Greater efforts needed to boost women’s rights in Iraq, says UN

9 March 2009
An Iraqi woman obtains a vote card. [File Photo]

With years of conflict curbing progress towards equality for women in Iraq, the United Nations has called for bolstered steps to ensure their rights are protected and advanced.

“A major UN priority for 2009 is to improve conditions for women and girls who have yet to feel the full benefits of Iraq’s recovery,” said David Shearer, UN Resident and Humanitarian Coordinator for Iraq.

He pointed to some positive signs, such as one-quarter of those elected in the governorate polls in January being women.

“We now need to build on this achievement by joining forces with Iraq’s government and civil society to further improve women’s opportunities and human rights,” Mr. Shearer said, cautioning that “there is still much to do.”

One in 10 Iraqi households are headed by women, more than 80 per cent of whom are widows.

Women comprise 17 per cent of the country’s labour force, compared to 81 percent of men, with the low participation rate of women partially attributed to illiteracy. Nearly one-quarter of women and girls – many of whom were afraid to attend school due to the violence – above the age of 10 are illiterate, compared with just 11 per cent of boys.

The UN also expressed concern over women’s health indicators, with maternal mortality rates reaching 84 per 100,000 live births compared to 41 and 65 in neighbouring Jordan and Syria respectively.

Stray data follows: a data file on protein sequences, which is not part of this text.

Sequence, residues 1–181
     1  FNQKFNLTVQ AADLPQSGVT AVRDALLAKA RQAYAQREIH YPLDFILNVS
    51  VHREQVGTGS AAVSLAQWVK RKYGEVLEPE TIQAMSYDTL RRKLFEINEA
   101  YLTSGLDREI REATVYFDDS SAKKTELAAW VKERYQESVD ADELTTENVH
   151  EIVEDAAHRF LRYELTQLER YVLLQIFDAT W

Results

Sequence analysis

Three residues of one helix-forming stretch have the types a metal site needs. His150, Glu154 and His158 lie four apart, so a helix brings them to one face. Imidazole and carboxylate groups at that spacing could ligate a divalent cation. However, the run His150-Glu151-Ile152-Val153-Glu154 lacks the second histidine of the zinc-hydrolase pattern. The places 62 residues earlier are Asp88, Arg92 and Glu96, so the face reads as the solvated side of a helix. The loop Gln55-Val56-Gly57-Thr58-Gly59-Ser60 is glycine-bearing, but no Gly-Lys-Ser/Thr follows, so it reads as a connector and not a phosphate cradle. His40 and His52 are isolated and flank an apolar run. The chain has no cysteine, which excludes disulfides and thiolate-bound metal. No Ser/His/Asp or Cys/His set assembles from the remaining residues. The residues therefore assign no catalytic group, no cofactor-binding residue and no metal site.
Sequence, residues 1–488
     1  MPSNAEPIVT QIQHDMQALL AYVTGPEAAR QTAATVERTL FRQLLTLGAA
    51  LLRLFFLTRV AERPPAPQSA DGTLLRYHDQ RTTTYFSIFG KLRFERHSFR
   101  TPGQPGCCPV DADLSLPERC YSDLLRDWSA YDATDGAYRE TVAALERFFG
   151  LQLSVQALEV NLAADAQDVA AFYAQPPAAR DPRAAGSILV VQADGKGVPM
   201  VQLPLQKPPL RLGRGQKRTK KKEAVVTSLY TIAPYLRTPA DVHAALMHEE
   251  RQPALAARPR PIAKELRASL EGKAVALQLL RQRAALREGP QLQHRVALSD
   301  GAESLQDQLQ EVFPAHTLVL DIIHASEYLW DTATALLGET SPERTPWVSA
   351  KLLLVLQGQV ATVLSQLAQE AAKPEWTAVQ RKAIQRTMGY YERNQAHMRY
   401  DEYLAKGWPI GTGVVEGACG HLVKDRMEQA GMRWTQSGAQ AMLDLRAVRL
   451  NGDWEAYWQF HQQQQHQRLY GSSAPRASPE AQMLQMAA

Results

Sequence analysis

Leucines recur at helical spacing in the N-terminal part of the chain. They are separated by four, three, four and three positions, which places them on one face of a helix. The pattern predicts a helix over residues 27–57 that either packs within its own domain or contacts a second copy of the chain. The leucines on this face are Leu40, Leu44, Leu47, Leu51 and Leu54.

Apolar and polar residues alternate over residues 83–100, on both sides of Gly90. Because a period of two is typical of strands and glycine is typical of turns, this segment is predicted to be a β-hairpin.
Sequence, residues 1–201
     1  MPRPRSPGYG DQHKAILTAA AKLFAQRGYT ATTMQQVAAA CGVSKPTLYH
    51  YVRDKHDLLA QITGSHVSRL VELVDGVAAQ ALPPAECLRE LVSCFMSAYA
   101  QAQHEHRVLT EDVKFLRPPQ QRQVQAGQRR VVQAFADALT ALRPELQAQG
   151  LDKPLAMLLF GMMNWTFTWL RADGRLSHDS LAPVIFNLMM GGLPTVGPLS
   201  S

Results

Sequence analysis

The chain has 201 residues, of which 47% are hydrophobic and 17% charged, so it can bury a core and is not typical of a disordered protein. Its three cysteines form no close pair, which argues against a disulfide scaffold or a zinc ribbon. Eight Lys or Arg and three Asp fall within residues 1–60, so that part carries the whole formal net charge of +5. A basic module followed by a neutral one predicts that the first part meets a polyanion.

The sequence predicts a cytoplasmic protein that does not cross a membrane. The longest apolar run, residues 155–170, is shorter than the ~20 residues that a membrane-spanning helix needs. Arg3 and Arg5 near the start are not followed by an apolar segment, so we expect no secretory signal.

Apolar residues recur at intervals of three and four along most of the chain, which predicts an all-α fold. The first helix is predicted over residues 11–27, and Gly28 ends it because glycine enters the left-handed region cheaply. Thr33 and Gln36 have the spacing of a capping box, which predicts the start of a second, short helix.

“Most of children and women mortalities in Iraq can be prevented through simple interventions – from antenatal and emergency obstetric care to breastfeeding and safe hygiene at home,” said Sikander Khan, the UN Children’s Fund (UNICEF) Representative in the country.

He stressed the importance of cooperation with Iraq’s health system to prevent further deaths.

Mr. Shearer also said the high rates of violence against women, the theme of this year’s International Women’s Day which was observed yesterday, are still worrying. “We are putting more resources into initiatives to address this problem – to raise community awareness, increase support and strengthen legislation to protect women’s rights,” he said.

The UN is teaming up with local and international organizations to put dozens of protection, shelter, health, governance, education and other programmes into place.


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